10. Step 3: routing • From dest nodes to center: each dest can route to its own center and another center on disjoint paths • O(m) load on intra-cluster and inter-cluster edges • O(1) copies of H suffice source center dest

  11. Step 3: routing • From dest nodes to center: each dest can route to its own center and another center on disjoint paths • O(m) load on intra-cluster and inter-cluster edges • O(1) copies of H suffice • From centers to source: route aggregated demands to source along shortest disjoint paths • Center node of each cluster aggregates ≥ m demands • O(1) copies of H suffice • Sufficient capacity for disjoint paths from destinations to source. source center dest

  12. From Single-Source to Multicommodity • Iterative greedy approach: • Find partial solution with small “density” • Density : cost of solution / # demands connected • Idea: reduction to single source BAB via “junction structure” • Junction structure J(u,r): subgraph that contains nodes within 2-shortest-path distance from u • Low density structure exists and can be approximated by O(1) approx algo of single-source BAB. • Remove demands connected by junction structure and recurse on remaining demands • a-approx of single source BAB implies O(a log3n)- approx for multi-commodity BAB.

  13. Problem 2: Wavelength Assignment

  14. B O A m = 2 C Wavelength Assignment • Constraints: • Assign wavelength to each routing path • Deploy multiple fibers per link to avoid wavelength conflict • Objective: • Nl ( e ) : number of times wavelength l used on link e. • F( e ) = max lNl ( e ) : number of fibers needed on e ; • C( e ) : cost of deploying one fiber • Minimize total cost min eC ( e ) F( e ) • Variants: • Minimize maximum fiber per link, min maxeF( e ) • Combine routing with min eC ( e ) F( e ) or min maxeF( e ) • Results for unprotected routing only

  15. Results • Network is a line (WinklerZ 03) • Optimally solvable. • f ( e )fibers necessary and sufficient on every link e • m : fiber capacity • L( e ) : load on link e • f( e) = L( e ) / m • Rings, stars, trees • NP hard • 4-approx for trees: 4 f( e) fibers sufficient on e

  16. Results • Hard to approx for arbitrary topologies (AndrewsZ 04,05,06) Inapprox ratio SumFiber MaxFiber ChooseRoute (log n)1/4-e( log log n )1-e FixedRoute Any constant (logm)1/2-e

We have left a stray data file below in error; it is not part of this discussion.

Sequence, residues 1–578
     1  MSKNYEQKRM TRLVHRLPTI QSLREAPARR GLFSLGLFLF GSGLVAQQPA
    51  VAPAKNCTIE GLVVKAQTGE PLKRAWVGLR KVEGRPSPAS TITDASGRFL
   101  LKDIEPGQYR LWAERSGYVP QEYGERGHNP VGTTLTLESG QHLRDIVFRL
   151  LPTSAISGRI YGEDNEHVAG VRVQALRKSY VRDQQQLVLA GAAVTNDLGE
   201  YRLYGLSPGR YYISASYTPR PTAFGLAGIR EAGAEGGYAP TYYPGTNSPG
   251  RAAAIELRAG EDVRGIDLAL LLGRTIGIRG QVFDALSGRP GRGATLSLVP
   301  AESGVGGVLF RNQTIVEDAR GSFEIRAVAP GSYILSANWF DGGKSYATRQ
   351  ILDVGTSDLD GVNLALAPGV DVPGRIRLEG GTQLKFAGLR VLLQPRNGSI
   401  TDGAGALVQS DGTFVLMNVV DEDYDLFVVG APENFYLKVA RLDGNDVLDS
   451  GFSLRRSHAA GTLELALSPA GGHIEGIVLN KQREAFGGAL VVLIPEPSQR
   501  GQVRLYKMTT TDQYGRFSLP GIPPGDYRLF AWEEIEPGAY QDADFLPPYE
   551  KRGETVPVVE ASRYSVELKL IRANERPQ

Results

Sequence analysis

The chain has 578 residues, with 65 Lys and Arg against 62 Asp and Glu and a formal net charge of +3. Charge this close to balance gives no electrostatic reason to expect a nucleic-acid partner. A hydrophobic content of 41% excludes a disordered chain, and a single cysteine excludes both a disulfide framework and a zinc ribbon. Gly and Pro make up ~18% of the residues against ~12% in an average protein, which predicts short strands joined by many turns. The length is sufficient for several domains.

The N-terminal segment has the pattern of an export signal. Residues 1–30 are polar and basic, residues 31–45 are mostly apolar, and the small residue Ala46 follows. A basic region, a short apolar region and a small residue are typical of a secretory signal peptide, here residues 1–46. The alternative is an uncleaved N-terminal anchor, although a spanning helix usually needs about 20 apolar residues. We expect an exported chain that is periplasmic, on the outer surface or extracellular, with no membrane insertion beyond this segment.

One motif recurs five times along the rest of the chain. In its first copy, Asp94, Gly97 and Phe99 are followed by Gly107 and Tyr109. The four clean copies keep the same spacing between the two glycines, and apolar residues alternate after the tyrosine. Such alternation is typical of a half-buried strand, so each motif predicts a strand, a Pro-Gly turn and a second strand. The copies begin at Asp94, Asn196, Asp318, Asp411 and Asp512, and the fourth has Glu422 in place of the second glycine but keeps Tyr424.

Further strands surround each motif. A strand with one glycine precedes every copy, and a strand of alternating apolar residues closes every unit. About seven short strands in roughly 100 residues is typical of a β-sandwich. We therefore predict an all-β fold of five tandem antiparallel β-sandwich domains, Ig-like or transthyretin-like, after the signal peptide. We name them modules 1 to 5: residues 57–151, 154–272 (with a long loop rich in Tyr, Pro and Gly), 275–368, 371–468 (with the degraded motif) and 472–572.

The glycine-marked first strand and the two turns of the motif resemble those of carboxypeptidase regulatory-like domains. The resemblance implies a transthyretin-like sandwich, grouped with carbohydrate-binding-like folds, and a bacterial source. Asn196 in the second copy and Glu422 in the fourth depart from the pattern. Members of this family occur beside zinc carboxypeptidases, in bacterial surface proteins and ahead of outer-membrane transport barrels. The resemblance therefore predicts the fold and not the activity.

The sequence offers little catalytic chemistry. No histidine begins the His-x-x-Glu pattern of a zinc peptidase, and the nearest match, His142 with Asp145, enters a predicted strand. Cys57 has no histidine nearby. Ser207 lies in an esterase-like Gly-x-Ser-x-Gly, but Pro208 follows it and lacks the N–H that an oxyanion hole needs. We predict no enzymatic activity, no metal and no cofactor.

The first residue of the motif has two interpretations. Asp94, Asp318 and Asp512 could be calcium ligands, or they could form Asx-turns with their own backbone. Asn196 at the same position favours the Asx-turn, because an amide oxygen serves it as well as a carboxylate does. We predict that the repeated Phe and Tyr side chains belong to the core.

17. Results • Hard to approx for arbitrary topologies (AndrewsZ 04,05,06) Inapprox ratio SumFiber MaxFiber ChooseRoute (log n)1/4-e( log log n )1-e FixedRoute Any constant (logm)1/2-e Buy-at-bulk Congestion minimization Chromatic number 3SAT(5), Raz verifier

  18. Results • Hard to approx for arbitrary topologies (AndrewsZ 04,05,06) Inapprox ratio SumFiber MaxFiber ChooseRoute (log n)1/4-e( log log n )1-e FixedRoute Any constant (logm)1/2-e Wavelength assignment intrinsically hard

  19. Results • Hard to approx for arbitrary topologies (AndrewsZ 04,05,06) • Logarithmic approx (AndrewsZ) Inapprox ratio SumFiber MaxFiber ChooseRoute (log n)1/4-e( log log n)1-e FixedRoute Any constant (logm)1/2-e Approx ratio SumFiber MaxFiber ChooseRoute O(log n)O(log n) FixedRoute O (logm) O (logm) Routing from buy-at-bulk Randomized wavelength assignment

  20. Heuristics for Wavelength Assignment • Greedy • Demands ordered in arbitrarily • For each demand choose a wavelength that increases fiber count least • Longest first • Like greedy; Demands with more hops dealt with first • Most congested first • Like greedy; Demands with congested routes dealt with first • Randomized assignment • Choose a wavelength [1, m ] uniformly at random for each demand; • O(log m ) approx • Optimal solution via integer programming

  21. Performance on 3 large carriers’ networks • Why not randomization? • Birthday paradox: • If load >m, some wavelength chosen twice with prob > ½ • If load = m, some wavelength chosen logm time whp.

  22. Future Work • Many open questions regarding protected BAB • More sophisticated edge cost • Inapproximability • Combined study with wavelength assignment • How do theoretical results impact practice? step function subadditive function